“The poor,” Francis says, “have much to teach us…they know the suffering Christ. We need to let ourselves be evangelized by them.” (EG 198)
The often destructive dynamic of capital-wealth needs a different saving dynamic to supplant it. Such a dynamic will focus on the shared universal satisfaction of fundamental needs and the enabling of freedoms, personal and communal. It will not be stifled by the stimulated desire to possess the unnecessary when so many desperately need so little. The result would be a flourishing of a new human spirit at present stifled by the false stimulation of wants as needs.
What is at stake here is a more human globalisation. For Sobrino this will involve:
• the truth that summons the many
• the solidarity of mutual support among unequals
• the civilisation of poverty that brings humanisation with it
These principles while utopic are, Sobrino believes, already to be found naturally among the victims of the world. And they are being quite clearly advocated by Francis.
But where can ideas such as these be rehearsed, revisioned, renewed? I suggest that it is in the remembering that is at the heart of all Eucharist but sadly which has so often forgotten its cosmic and universal dimension in its all too parochial settings. “Blessed are those who are called to his supper” Francis reminds us that those who are called are all too often outside our Parish framework. Those who are called is a reference to all those who have gone before us and all those who are yet to come. Precisely not blessed are we – this little holy huddle of the just. In every Eucharist we are one with the victims of history, who are, primarily as Walter Benjamin reminds us, the makers of history, and our remembering of them alongside our remembering of the dangerous memory of Jesus, the victim, is the continuation of their redemption in history, as we refuse to allow their memory to be annihilated. Nothing is forgotten in the memory of God. In the Eucharist we weave new bonds of solidarity across time and place.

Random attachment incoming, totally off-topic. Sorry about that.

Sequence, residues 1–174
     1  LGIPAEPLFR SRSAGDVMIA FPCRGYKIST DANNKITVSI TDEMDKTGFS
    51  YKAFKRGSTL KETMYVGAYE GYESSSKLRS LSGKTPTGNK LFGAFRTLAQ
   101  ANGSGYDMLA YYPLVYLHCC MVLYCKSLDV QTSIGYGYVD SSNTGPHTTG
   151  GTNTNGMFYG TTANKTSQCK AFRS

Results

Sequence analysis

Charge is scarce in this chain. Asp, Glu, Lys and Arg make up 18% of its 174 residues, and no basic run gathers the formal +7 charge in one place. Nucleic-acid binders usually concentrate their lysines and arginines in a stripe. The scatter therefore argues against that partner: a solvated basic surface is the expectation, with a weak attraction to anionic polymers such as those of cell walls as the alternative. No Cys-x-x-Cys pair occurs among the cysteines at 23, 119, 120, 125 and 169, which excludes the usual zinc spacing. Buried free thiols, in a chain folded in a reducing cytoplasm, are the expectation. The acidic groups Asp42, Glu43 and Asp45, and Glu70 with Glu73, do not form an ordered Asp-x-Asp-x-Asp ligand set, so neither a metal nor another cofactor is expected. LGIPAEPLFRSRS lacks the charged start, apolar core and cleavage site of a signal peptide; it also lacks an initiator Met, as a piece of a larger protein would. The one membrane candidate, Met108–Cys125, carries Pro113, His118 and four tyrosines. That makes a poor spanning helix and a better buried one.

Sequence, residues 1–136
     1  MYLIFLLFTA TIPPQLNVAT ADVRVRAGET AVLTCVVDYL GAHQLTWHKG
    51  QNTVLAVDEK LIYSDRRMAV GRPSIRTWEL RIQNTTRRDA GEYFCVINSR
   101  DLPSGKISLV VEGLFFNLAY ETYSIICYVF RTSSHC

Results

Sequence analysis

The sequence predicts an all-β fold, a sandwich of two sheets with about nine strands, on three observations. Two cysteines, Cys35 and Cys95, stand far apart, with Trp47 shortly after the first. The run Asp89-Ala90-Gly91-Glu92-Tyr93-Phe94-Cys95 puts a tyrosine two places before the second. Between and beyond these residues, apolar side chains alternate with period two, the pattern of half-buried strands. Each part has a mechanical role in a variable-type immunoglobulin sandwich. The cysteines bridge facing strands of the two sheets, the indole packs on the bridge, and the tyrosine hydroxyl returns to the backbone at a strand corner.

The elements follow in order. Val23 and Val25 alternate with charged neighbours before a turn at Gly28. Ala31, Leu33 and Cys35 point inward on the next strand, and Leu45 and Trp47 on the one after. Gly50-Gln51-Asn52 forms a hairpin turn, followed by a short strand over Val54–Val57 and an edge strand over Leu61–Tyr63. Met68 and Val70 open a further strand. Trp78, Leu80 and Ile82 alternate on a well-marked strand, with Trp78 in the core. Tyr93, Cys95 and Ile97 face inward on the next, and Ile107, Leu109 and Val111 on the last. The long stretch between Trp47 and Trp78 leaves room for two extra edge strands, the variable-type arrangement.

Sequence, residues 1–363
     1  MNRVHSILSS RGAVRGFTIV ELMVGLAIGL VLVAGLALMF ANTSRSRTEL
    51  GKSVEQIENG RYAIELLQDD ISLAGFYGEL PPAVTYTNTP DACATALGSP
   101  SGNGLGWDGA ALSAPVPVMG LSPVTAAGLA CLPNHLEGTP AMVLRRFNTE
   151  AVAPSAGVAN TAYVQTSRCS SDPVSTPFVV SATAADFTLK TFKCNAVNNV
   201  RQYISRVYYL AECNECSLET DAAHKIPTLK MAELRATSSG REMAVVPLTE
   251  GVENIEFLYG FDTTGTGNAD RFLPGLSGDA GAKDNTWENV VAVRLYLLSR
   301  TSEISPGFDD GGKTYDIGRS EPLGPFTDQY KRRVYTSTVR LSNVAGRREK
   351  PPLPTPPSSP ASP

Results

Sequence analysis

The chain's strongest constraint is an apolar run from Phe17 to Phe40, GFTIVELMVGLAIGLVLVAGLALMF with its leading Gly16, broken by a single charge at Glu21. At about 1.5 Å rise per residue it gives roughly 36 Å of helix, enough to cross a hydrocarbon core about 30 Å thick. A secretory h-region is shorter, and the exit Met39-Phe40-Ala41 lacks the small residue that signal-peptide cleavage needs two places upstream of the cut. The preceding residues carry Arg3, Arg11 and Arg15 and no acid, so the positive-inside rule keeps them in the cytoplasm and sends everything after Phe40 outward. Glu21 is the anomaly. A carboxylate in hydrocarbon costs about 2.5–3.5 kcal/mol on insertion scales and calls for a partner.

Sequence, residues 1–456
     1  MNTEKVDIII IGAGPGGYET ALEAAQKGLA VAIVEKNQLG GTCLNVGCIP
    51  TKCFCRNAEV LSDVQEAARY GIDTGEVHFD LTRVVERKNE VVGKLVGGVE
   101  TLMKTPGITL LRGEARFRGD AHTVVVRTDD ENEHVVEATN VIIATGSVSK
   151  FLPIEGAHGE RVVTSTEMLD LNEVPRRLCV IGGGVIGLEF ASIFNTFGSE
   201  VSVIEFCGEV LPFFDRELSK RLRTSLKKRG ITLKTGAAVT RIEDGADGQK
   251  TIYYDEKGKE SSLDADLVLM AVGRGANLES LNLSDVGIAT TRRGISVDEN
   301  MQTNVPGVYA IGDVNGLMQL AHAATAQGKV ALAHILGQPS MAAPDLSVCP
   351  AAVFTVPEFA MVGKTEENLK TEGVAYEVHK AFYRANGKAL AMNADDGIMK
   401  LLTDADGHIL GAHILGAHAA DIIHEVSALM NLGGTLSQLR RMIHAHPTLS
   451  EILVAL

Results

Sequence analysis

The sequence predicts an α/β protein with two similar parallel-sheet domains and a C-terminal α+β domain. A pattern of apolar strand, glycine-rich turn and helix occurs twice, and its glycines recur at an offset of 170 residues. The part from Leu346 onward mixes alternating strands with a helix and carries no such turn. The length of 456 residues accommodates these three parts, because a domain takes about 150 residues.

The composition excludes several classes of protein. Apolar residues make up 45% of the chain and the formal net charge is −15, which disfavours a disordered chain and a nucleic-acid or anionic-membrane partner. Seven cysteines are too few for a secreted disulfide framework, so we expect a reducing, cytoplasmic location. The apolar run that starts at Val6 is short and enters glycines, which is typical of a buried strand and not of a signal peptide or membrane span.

Within the Eucharist we try to grasp the ever-changing moment in a wider horizon of shared significant memories. We remember the exodus of the Hebrew migrant workers from oppression in Egypt to freedom in a new land. We recall the words of the prophets, renaming the memory and rekindling its vision of freedom for all the powerless: the widow the orphan and the stranger. We celebrate the life and dying and rising of Jesus, spelling out that freedom in one human life, and the coming of the Spirit to enable the struggle for life, for freedom and dignity to continue. How we remember all this reflects our understanding of life’s meaning. If time is only equal instants expressing eternity in traditional formal liturgy, then all time is equal and history is going nowhere, history is meaningless. But Francis suggests a different model of time as a creative horizon opening before us. (EG 222)
In George Orwell’s terrifying vision of the future, 1984, the slogan of the Party, which controls everyone and everything, is:
Who controls the past controls the future:
who controls the present controls the past.